Saturday, October 3, 2009

The Middle Voice of Obedience

During my last week in Ireland, I saw Father Padraic several times: once after mass on Sunday, once for coffee on Monday, once for lunch with the seminarians on Wednesday, and once for gin-and-tonic before I left on Thursday. Over coffee, we talked about (among other things... Fr. Padraic never pushed or even brought up the issue) my interest in the Catholic Church.

“I’m just imagining myself standing next to my little sister on her wedding day,” I tried to illustrate what the thought of being ‘out of communion’ with Protestants looked like for me, “whose diapers I had once changed and who has grown into my best friend, and abstaining from communion just because the Catholic Church wants to make a point that the Protestants’ little crackers and grape juice are not what they never claimed that they were. I understand the issues of Church division that are behind it, but the actual action itself nevertheless feels nasty and divisive. The thought just breaks my heart.”

Fr. Padraic had been listening patiently, every now and then amending my impression of the Catholic view of Protestants with a kinder, gentler (more Irish) view, but at this point he let my difficulty stand.

“Then you’re not ready,” he stated simply and gently.

I was taken aback, and didn’t particularly like the answer. “I’m not ready just because the thought breaks my heart?” I asked dubiously.

“Yes,” he answered confidently, “because God is gentle.”

I chewed over his reasoning a bit. I could never imagine any of the pastors I had known giving this sort of statement to someone knocking at the door of a church wanting to come in.

“God is gentle,” he repeated. “He does not expect all of us to be St. Paul with a dramatic conversion experience that happens all at once. Those exist, but for most of us, conversion—whether that be the conversion from atheist to Christian or from Protestant to Catholic or from Catholic to... Catholic [he chuckled, thinking of his Irish flock]—is a journey. God knows your stamina, and will not ask for more than you are capable of.”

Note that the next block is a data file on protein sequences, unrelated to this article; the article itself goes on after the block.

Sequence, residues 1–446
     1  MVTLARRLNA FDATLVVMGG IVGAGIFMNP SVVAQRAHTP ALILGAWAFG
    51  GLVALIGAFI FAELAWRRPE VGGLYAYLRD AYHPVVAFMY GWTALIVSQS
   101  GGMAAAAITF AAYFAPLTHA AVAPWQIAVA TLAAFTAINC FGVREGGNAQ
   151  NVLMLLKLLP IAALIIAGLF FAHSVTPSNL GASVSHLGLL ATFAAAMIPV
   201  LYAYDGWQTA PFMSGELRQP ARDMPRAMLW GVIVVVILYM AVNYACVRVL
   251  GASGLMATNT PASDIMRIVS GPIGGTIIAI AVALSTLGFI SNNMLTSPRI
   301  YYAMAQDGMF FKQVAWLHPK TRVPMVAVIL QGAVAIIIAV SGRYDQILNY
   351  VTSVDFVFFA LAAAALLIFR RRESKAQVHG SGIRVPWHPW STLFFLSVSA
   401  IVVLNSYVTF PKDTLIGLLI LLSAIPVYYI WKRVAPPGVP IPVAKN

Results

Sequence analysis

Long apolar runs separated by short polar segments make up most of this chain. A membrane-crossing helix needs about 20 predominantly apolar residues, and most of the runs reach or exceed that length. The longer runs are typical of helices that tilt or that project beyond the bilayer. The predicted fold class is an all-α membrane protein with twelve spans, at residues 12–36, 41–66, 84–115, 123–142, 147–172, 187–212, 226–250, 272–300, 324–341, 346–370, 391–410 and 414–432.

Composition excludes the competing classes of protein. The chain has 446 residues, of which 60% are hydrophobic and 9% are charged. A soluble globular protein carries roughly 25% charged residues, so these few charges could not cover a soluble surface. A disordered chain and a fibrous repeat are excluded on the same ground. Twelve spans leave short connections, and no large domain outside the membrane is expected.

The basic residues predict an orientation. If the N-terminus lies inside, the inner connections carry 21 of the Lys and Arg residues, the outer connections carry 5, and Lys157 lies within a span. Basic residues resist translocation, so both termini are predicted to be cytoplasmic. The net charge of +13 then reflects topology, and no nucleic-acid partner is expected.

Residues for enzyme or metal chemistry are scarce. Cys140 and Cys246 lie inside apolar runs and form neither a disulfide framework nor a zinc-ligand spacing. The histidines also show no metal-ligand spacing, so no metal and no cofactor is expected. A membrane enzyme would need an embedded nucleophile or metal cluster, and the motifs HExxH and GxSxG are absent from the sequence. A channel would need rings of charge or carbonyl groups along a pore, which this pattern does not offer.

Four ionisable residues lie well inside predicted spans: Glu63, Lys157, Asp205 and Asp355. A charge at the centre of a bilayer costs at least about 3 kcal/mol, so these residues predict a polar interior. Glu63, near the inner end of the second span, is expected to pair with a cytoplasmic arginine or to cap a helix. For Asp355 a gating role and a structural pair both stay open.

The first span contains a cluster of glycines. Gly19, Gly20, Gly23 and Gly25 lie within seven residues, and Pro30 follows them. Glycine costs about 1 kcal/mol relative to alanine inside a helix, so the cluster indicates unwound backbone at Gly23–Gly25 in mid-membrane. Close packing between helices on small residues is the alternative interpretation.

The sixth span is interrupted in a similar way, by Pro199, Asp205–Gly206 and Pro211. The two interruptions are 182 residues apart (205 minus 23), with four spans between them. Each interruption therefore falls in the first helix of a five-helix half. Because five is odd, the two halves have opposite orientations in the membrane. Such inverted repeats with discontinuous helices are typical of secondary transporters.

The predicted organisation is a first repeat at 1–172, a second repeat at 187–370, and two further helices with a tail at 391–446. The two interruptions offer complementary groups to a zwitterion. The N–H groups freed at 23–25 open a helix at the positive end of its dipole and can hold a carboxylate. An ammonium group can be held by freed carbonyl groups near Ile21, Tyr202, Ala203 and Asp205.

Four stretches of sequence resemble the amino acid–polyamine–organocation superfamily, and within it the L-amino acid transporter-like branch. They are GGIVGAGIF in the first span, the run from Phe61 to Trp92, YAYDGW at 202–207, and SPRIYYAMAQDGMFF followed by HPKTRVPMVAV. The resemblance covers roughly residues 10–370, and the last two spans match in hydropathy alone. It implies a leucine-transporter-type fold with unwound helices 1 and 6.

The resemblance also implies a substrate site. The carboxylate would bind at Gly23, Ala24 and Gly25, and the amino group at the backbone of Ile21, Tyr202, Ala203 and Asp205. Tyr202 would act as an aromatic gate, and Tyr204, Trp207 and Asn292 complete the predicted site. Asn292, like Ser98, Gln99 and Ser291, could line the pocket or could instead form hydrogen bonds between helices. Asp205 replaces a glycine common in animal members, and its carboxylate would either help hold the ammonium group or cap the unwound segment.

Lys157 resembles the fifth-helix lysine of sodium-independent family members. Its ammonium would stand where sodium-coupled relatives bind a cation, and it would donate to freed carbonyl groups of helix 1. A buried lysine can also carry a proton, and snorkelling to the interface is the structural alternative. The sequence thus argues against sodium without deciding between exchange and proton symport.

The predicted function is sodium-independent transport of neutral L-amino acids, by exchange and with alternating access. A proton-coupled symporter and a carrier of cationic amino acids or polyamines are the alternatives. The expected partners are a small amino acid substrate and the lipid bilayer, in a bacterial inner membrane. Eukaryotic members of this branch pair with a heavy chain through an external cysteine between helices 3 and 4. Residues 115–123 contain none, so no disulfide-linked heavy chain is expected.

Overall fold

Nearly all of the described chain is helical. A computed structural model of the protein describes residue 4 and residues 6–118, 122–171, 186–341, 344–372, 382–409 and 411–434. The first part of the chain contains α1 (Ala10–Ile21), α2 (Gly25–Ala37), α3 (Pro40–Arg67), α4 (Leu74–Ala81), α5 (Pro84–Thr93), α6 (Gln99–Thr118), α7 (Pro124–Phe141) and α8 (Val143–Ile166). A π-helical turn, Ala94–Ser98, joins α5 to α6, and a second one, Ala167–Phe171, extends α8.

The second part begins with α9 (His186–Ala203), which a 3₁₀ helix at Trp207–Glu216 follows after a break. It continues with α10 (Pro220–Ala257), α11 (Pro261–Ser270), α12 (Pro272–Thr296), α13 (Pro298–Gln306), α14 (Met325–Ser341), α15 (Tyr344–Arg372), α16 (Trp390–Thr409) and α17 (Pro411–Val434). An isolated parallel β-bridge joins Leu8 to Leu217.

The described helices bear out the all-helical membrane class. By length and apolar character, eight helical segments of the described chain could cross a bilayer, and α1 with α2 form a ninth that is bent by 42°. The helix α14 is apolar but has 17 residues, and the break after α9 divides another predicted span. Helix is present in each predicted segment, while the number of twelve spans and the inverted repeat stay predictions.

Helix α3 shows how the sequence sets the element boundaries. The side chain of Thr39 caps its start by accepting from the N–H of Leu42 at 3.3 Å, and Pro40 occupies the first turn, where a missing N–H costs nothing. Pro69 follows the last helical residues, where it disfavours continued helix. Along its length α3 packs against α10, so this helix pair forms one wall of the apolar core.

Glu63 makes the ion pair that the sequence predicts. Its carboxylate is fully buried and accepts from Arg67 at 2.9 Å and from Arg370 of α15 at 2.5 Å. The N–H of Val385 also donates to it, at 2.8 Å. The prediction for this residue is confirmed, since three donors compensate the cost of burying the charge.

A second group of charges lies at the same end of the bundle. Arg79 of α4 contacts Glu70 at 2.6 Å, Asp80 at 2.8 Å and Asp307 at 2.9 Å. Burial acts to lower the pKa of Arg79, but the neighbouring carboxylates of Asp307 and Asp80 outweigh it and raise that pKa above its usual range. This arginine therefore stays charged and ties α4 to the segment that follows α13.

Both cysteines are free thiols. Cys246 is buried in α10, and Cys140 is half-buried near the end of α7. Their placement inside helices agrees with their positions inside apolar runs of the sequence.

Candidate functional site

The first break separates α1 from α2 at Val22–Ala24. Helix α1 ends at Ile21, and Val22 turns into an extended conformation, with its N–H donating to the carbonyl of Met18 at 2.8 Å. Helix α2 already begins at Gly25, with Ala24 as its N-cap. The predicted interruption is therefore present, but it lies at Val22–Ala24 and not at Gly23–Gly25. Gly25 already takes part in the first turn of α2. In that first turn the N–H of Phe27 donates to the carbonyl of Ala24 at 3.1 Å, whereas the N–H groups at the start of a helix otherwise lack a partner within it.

“But Fr. Padraic,” I protested, feeling surprisingly upset at his suggesting I might not be ready to do what he obviously thought was ultimately the right thing to do, “I don’t think the thought could ever not break my heart.”

He shrugged in his happy, Irish way. “Then it might not ever be time.”

I didn’t plan on posting this anecdote (I have no intention of turning my listening-blog into Em’s Catholic Adventures), but it has been stirring deeply in my spirit for the past six weeks since it happened, and applies to the broader scope of how I look at the entire journey of following God. Then last week when I met with the Monsignor of the church back home in the States where I attend, he told me more or less the same thing. Obedience, he insisted, is not enough if it is a mere begrudging obedience; obedience must be coupled with freedom and joy. And, lest I should go out and try to conjure up freedom and joy as if they are the next task on my journey, he insisted that they are the Holy Spirit’s work, and would come at whatever point he wanted. In the mean time, I could only wait.

It’s an entirely foreign picture of obedience for me. I always thought obedience was a matter of seeking out the right thing to do and doing it no matter what at any cost to oneself, believing that even if it was excruciating now it would be the best thing in the end. I never thought to question an action based on anything other than some Platonic notion of whether or not it seemed in keeping with the Good.

But for Fr. Padraic and the Monsignor alike, obedience seems to be something quite different, more passive than I would ever expect something active like obedience to be. Obedience, they seem to say, in my case involves seeking out the right thing to do and waiting for God to prepare the way. That looks almost entirely passive to a doer like me.

Might obedience be conjugated in the middle voice as well, like my seminarian friends suggested of faith over the summer? Might it be the Holy Spirit’s work, not my own?

Might it be, as Fr. Padraic had insisted to me repeatedly, that the almighty, holy God whom I have tried to follow relentlessly for 26 years... is gentle?


Chestertonian Rambler said...

Beautiful thought. And God is, I think, gentle.

It's good to see your Catholic-ish peregrinations. Reminds me, sometimes, of how I feel about the surety of my Eastern Orthodox friends. As Gandalf felt about the shire, it is good to know there is sure footing, even if I may never place my foot there again.

(Not sure if this makes any sense.)

Eric said...

This is a really excellent post. While I'm not remotely attracted to Catholicism I find your thoughts on obedience relevant and thought-provoking.

Smoochagator said...

Oh my goodness. Thank you. I arrived at a similar conclusion recently about my own faith journey - that if I am struggling to take that step that really seems to be the right step, maybe I should stop struggling and wait. God isn't pushing me, why do I push myself? Just wait until it is no longer a struggle, wait until it is a joy. And if the thought of taking that step is always painful, if it never brings me peace, perhaps that step is not right after all. And that's okay.